What do you think? Is this a good illustration of our belief in the truthfulness of Scripture?

Why do you believe Scripture?

Here is the debate that we encounter in apologetics circles. There are those who are Presuppositionalists. Presuppositionalist (who believe presuppostional apologetics is the best method to defend the faith) claim that we believe the Scriptures are inspired based upon the authority of the Holy Spirit as He speaks through God’s Word. As well, we must “presuppose” the Word of God’s truth because without this presupposition no absolute authoritative knowledge is possible. Evidentialists (who believe evidentail apologetics is the best method to defend the faith), on the other hand, believe that the authority of Scripture is established by the weight of the evidence that God has provided. God has provided sufficient evidence to compel any unbiased person of its truthfulness. While this evidence does not produce absolute certainty, it does produce enough certainty to hold people accountable for disbelief.

Evidentialists would say that the methodology of the presuppositionalist is faulty in that it amounts to circular reasoning (as illustrated above). Presuppositionalists would say that the evidentialist’s approach is wrong in that it does not provide absolute certainty which the Bible requires and leaves people with some measure of excuse. Yet the Bible says that people are “without excuse” (Rom 1:20).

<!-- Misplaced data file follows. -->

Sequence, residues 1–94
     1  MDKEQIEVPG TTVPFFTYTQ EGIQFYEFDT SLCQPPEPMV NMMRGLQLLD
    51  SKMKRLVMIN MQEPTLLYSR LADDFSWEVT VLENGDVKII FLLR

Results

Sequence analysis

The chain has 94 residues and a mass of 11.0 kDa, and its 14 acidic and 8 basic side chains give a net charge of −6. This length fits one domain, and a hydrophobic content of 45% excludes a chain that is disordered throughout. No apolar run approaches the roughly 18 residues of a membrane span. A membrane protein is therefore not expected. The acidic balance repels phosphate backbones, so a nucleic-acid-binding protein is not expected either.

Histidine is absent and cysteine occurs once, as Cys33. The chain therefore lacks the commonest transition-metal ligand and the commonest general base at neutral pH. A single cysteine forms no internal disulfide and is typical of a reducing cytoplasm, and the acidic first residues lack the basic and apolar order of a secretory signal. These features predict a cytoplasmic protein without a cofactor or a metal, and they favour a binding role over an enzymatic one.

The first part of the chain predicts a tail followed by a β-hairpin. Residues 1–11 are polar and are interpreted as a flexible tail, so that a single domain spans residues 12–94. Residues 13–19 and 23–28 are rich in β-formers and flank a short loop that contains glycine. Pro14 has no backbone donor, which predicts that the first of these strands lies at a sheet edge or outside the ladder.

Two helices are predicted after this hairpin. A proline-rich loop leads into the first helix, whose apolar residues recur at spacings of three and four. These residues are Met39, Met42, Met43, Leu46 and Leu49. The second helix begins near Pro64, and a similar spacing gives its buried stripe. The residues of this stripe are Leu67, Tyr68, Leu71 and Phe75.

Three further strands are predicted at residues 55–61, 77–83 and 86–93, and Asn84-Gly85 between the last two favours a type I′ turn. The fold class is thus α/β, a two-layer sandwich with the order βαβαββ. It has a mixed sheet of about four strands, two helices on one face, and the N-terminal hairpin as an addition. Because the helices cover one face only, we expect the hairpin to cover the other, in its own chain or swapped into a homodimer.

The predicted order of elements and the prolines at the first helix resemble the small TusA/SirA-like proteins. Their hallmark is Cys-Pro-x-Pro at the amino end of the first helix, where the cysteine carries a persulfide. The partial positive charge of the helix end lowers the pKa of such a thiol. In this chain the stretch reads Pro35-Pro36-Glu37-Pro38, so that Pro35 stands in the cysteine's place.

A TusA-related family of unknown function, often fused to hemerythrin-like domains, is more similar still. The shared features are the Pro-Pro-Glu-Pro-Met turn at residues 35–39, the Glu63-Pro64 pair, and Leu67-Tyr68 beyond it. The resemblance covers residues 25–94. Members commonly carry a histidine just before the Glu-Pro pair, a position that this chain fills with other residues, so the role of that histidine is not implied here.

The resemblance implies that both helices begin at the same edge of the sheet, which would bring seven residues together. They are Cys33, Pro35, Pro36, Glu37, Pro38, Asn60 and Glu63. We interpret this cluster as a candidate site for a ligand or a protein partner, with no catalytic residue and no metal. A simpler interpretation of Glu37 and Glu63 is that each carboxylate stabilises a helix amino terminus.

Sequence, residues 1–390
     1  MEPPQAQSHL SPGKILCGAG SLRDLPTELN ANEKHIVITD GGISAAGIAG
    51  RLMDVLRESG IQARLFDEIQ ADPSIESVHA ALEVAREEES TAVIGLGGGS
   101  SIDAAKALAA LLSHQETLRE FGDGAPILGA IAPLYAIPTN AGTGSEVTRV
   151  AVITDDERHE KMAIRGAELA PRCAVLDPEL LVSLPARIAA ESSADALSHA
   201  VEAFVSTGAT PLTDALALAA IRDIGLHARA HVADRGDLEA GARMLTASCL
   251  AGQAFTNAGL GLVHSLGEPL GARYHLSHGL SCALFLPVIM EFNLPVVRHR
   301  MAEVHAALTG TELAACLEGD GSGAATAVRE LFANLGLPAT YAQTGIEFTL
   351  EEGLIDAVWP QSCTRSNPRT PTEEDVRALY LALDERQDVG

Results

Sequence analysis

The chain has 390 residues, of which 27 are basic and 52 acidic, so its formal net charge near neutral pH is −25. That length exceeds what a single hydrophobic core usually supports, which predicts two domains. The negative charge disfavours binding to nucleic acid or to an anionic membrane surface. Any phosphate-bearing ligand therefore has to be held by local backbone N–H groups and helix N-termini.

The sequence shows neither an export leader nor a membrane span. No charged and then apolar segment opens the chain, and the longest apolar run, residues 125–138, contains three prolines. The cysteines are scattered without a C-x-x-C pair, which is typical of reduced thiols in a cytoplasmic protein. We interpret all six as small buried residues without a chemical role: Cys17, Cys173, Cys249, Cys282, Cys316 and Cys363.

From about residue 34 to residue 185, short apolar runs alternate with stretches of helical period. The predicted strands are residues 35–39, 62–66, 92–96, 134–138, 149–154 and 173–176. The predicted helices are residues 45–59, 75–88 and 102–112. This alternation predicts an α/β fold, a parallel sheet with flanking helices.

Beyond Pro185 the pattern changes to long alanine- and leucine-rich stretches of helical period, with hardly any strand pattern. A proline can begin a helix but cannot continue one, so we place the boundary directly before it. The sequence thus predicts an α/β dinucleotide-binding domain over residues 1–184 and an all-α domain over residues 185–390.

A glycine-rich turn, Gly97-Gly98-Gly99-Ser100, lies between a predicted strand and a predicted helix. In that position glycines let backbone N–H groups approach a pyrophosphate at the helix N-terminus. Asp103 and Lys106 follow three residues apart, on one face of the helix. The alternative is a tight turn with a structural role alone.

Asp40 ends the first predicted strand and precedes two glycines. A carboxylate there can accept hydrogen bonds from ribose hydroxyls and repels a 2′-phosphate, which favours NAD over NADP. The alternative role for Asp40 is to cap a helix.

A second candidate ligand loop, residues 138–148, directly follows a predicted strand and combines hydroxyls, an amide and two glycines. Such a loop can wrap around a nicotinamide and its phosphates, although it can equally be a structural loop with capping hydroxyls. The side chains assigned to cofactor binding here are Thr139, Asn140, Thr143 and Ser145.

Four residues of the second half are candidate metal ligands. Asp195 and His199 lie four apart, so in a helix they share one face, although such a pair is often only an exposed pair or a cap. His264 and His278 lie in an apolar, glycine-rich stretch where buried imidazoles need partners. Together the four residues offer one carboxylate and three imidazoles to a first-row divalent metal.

What do you think? Do you take the authority of God’s word as a necessary presupposition to our faith or do you believe that its authority is established by the evidence? Back to the original question, Do you think this illustration is a good representation of our belief in Scripture?

C Michael Patton
C Michael Patton

C. Michael Patton is the primary contributor to the Parchment and Pen/Credo Blog. He has been in ministry for nearly twenty years as a pastor, author, speaker, and blogger. Find him on Patreon Th.M. Dallas Theological Seminary (2001), president of Credo House Ministries and Credo Courses, author of Now that I'm a Christian (Crossway, 2014) Increase My Faith (Credo House, 2011), and The Theology Program (Reclaiming the Mind Ministries, 2001-2006), host of Theology Unplugged, and primary blogger here at Parchment and Pen. But, most importantly, husband to a beautiful wife and father to four awesome children. Michael is available for speaking engagements. Join his Patreon and support his ministry

    11 replies to "Is this a good illustration of our belief in the truthfulness of Scripture?"

    • Chad Winters

      Funny, my wife and I were just discussing Notitia, Assencia and Fiducia just before you posted this. Not to be legalistic, but New Believers should have to have a catuchemen type class where they are given Evidence for the Bible’s truthfulness and What We Believe and Why.